There is such a hysteria and panic about Medium is pathetic. WordPress is light years ahead and better than Medium. Medium should be chasing WordPress, not the other way around. When you are on top, others do the chasing and trying to catch up to you. This is true in sports, politics, business, and even in this case.

    So I guess, if they fix the “timing” everybody will be happy and Medium will simply shut down – got it!!!

    • Gutenberg is still in its infancy and I think its unfair to call it a disaster that’s failing miserably. Development is happening at a rapid pace and we’re getting to see it come together one version at a time. Of course it’s not ready for prime-time yet.

      Timing isn’t the only reason people dislike Gutenberg, but it’s an issue the TinyMCE folks picked up on as a possible reason for many people feeling the way they do about the editor. It’s something that will be refined and create a better user experience.

      Not everyone will be happy once the timing of UI elements is addressed and Medium isn’t going anywhere. Gutenberg could be perfect and not everyone would be happy simply because it’s different than what people are used too.

      • Jeff I totally agree with you. That said, if we don’t use adjectives, insults like software communism, etc… is the only was to get even little bit of attention to our dislike to this whole matter.

        You are also correct that there is no way to satisfy everyone if they continue on this path (read next paragraph). Also, nobody can give a definitive answer to why the big bad giant and awesome of a CMS like WordPress is panicking over a nothing Medium. How insecure are these people?

        That said, there is ONLY one way to satisfy everyone. Have Gutenberg as an option and not as a TinyMCE replacement. Either in the settings have this thing turn on or off, or during the WordPress installation have the option to install WordPress as it is now, or install it with the new interface. Scrapping this thing, or having it as a TinyMCE and UI replacement will leave many unhappy one way or another.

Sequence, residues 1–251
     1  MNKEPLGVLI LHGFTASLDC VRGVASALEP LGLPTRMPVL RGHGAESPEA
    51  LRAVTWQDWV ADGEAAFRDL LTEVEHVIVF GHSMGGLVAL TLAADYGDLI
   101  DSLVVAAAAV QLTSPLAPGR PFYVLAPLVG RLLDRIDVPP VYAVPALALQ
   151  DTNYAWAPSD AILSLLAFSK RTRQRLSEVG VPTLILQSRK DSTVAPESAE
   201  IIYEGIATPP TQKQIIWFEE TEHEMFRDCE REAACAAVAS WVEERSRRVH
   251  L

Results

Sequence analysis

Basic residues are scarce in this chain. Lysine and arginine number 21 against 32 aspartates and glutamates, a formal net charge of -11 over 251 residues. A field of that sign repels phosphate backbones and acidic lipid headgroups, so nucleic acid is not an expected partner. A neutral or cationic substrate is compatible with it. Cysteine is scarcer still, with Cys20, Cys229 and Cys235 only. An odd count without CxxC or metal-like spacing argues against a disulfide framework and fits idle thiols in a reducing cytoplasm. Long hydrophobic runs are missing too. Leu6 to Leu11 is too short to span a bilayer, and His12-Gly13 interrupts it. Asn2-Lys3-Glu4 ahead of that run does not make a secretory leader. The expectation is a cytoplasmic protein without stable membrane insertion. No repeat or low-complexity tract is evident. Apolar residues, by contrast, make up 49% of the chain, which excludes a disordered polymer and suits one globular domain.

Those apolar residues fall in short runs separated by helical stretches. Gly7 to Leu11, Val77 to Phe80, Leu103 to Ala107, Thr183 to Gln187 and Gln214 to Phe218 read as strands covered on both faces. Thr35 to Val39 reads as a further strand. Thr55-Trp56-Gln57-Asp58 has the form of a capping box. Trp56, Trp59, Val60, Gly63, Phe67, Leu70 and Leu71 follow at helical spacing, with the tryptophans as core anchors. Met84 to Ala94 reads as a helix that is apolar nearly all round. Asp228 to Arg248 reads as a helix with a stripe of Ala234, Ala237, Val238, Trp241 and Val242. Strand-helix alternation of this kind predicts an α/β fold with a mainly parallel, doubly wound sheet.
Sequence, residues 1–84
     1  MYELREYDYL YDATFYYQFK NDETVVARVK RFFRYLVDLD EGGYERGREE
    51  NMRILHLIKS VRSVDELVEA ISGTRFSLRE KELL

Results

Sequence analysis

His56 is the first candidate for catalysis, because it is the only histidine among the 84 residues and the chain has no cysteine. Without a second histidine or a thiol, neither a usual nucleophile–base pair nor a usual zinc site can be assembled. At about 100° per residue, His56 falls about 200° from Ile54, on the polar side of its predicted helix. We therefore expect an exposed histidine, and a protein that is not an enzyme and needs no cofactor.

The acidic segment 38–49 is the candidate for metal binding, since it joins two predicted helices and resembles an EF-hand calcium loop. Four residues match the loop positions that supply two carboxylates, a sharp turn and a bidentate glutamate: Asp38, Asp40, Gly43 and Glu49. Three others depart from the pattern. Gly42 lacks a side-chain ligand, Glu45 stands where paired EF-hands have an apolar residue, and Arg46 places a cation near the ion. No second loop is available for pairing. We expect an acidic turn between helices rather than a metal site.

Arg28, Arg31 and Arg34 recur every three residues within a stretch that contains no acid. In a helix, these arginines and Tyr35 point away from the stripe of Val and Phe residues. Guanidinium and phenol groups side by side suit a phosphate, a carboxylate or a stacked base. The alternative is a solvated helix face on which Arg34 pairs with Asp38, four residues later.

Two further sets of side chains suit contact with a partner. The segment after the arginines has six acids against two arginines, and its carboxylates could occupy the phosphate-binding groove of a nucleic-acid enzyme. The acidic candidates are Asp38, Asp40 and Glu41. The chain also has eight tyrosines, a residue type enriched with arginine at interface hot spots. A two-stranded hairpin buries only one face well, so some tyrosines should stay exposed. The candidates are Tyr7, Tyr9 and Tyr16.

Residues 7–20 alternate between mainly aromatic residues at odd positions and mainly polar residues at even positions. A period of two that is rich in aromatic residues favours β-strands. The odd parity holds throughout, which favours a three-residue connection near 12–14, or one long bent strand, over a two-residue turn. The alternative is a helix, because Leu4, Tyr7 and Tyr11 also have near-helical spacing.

The funny thing is that every week we hear new excuses why this thing is hated so much. Last week the excuse was “messaging problem”, as if advertising and promoting it will help, and this week we have “timing”. I can’t wait for next weeks nonsense.

        Data showed that almost no one cared about distraction free writing. As a punishment, we are now forced to get distraction free writing on steroids.

        And you are of course correct that it is in early development stages, but if we don’t push back now, from the early stages, who knows how much worse things can get later on. Shortcodes and Meta boxes as afterthoughts and legacy items… are you kidding me? Unfortunately they are not!

      • …there is ONLY one way to satisfy everyone. Have Gutenberg as an option and not as a TinyMCE replacement.

        I don’t think it can be stressed enough how the tone of the entire discussion would change for the better with this oft repeated and obviously correct solution. To race through production of a new editor simply because one or a few people want it, and then to jam it down the throats of an active, supportive community is just plain wrong.